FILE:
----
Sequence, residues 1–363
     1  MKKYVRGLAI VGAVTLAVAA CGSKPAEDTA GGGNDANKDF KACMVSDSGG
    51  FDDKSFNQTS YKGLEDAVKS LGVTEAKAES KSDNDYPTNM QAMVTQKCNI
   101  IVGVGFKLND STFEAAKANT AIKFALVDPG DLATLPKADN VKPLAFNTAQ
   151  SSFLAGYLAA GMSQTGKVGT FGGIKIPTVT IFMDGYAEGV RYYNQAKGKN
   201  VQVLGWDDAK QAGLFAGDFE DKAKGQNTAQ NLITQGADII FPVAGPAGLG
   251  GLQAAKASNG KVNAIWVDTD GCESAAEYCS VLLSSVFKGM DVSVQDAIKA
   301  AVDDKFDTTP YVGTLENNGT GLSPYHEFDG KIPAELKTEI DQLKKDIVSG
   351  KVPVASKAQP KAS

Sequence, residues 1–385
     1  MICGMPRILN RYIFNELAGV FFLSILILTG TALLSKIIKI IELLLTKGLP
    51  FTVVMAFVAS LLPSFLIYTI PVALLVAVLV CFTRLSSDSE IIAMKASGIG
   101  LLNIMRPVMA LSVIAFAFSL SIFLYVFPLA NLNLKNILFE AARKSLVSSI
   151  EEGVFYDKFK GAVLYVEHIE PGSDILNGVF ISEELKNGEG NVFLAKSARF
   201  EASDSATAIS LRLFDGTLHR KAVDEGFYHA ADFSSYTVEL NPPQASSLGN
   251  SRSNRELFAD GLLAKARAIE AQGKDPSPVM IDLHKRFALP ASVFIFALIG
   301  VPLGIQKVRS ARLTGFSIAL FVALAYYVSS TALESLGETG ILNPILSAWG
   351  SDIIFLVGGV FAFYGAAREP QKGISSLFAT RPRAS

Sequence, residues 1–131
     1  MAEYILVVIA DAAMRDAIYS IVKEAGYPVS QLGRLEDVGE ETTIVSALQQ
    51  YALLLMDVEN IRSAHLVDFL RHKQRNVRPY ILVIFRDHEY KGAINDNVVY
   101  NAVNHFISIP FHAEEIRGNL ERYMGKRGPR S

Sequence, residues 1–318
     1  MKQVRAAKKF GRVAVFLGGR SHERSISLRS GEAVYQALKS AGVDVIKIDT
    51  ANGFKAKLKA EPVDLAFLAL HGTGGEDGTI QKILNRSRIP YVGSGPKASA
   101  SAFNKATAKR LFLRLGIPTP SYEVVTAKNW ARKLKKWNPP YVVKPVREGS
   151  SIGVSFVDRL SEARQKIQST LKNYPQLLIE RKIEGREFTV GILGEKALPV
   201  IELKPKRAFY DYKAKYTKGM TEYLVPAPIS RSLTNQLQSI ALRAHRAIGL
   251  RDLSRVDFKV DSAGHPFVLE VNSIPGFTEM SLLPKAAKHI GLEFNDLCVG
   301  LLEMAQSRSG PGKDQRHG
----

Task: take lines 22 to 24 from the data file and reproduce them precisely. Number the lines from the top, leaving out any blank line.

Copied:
   101  NAVNHFISIP FHAEEIRGNL ERYMGKRGPR S

Sequence, residues 1–318
     1  MKQVRAAKKF GRVAVFLGGR SHERSISLRS GEAVYQALKS AGVDVIKIDT